Passengers vent fury after being weighed by Hawaiian Airlines
Hawaiian Airlines recently conducted a “one-time, six-month survey” to learn more about the distribution of weight within the main cabin of their planes as part of a fuel review.
The move came after the airline discovered fuel burn on flights to and from American Samoa’s capital, Pago Pago, “was consistently much higher than projected, indicating that our weight assumptions were inaccurate.”
One of the businessmen at the center of the complaint, Avamua Dave Haleck, says the rule discriminates as it only applies to flights going to American Samoa. "Hawaiian is saying that it is a safety issue,” he said. "So have we been flying unsafe for all these years?”
The airline says the Boeing 767’s have to be boarded in a way so as to evenly distribute the weight on board.
“During this timeframe [of the survey] only, all passengers along with their carry-on luggage were to be weighed. The survey results confirmed that our aircraft cabin weight was heavier than projected,” an airline spokesperson confirmed.
“This requires us to manage the distribution of weight across each row in our cabin and we have elected to do so by making sure that one seat in each row is either empty or occupied by a traveler under the age of 13.”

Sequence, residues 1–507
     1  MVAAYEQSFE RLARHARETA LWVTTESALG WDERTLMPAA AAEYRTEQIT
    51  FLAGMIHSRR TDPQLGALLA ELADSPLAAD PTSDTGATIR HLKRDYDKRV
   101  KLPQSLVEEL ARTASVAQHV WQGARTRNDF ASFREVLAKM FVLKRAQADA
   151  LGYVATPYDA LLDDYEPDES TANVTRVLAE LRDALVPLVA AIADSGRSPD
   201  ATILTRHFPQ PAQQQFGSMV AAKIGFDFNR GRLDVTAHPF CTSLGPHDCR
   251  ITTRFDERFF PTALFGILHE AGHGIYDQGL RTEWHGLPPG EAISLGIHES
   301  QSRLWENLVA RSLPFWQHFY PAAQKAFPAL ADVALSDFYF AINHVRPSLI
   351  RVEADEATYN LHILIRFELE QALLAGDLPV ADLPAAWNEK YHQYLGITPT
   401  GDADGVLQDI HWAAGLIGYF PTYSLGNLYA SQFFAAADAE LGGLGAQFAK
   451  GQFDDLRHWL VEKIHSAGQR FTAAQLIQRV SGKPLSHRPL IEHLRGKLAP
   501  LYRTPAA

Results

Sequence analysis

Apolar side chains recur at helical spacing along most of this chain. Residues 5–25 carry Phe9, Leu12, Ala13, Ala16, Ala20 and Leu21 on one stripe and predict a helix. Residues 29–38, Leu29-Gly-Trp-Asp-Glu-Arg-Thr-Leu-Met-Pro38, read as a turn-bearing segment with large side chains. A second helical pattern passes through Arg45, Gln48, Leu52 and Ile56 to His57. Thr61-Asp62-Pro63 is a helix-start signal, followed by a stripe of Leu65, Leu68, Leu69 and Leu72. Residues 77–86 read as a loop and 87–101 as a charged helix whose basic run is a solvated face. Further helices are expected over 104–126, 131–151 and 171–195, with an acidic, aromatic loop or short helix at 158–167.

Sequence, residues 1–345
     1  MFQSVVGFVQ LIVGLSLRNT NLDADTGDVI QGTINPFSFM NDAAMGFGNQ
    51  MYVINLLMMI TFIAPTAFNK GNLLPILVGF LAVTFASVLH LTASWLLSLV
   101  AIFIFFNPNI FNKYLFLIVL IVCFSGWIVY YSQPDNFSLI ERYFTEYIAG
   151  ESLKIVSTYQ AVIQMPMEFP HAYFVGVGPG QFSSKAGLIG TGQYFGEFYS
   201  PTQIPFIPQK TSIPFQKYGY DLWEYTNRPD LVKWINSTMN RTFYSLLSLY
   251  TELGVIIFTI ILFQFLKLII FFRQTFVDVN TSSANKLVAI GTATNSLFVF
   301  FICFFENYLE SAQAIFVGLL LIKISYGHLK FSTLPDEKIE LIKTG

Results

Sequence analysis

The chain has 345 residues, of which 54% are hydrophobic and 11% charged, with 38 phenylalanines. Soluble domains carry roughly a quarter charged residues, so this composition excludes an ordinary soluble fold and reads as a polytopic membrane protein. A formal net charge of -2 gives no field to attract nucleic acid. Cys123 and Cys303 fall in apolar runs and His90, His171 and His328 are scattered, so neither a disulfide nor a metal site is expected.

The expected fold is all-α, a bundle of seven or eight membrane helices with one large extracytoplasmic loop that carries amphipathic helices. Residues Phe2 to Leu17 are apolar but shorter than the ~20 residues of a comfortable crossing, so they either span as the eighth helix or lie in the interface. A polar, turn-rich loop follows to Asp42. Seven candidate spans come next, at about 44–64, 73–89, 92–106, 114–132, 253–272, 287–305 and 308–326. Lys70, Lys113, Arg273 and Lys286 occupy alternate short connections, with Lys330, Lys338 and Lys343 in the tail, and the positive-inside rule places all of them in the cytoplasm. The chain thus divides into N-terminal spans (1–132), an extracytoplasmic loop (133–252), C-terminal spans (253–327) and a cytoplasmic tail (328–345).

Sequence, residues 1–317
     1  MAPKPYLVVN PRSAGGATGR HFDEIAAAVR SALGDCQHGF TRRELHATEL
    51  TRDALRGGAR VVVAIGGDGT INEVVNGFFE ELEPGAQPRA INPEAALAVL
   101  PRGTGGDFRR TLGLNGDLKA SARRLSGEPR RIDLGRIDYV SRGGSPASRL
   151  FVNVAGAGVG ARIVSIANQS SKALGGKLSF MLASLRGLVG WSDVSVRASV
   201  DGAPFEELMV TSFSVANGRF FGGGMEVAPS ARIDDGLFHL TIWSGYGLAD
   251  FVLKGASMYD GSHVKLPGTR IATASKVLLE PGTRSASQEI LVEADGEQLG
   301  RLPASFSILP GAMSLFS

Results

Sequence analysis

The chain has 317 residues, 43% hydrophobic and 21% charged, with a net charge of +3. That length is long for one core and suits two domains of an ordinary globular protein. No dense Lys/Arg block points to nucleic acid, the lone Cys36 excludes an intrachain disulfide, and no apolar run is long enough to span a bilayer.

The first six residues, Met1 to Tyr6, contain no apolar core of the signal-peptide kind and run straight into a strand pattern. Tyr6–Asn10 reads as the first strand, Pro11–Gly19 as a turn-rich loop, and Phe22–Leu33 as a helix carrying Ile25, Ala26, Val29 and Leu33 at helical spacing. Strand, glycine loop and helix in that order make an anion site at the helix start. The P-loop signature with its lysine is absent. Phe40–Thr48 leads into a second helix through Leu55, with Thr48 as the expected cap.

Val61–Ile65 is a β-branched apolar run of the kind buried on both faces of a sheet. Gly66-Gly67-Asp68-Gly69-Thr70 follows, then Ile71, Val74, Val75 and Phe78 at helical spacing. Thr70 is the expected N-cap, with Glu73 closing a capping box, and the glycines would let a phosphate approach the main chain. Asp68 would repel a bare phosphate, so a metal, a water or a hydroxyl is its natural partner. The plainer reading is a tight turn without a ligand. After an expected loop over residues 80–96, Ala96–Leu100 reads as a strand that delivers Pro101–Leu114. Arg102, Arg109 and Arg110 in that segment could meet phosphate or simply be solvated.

The airline has denied that specifically chosen passengers are weighed prior to being allocated a seat.
“This is not true...the decision to assign seats at the airport was made because that is the most efficient way to manage weight distribution,” the spokesperson continued. “This allows us to make sure that families with children are seated together.”
The other man to launch a complaint over his experience prior to boarding the same flight received an email response from the Aviation Consumer Protection Division (USDOT).
Daniel King was informed: “Based on the information you have provided, it does not appear that your complaint falls under one of the Department's rules,” the email read, insisting airlines do not have to allocate seats in advance.
“Hawaiian’s new policy of not pre-assigning seats for flights to and from Pago Pago applies to all passengers, which is not discriminatory.”
Hawaiian Airlines are required by law to issue detailed responses to the men’s complaints within 60 days.
American Samoa had the highest obesity rate in the world based on CIA figures from 2007 and 2008. The high rates have been attributed to much of the population possessing a gene that increases the risk of obesity.
In 2013, Samoa Air – the national carrier for the neighboring Independent State of Samoa – was the first airline to charge passengers according to weight. Passengers had to declare their personal weight and had to pay one Samoan tala ($0.40) per kilo, including luggage.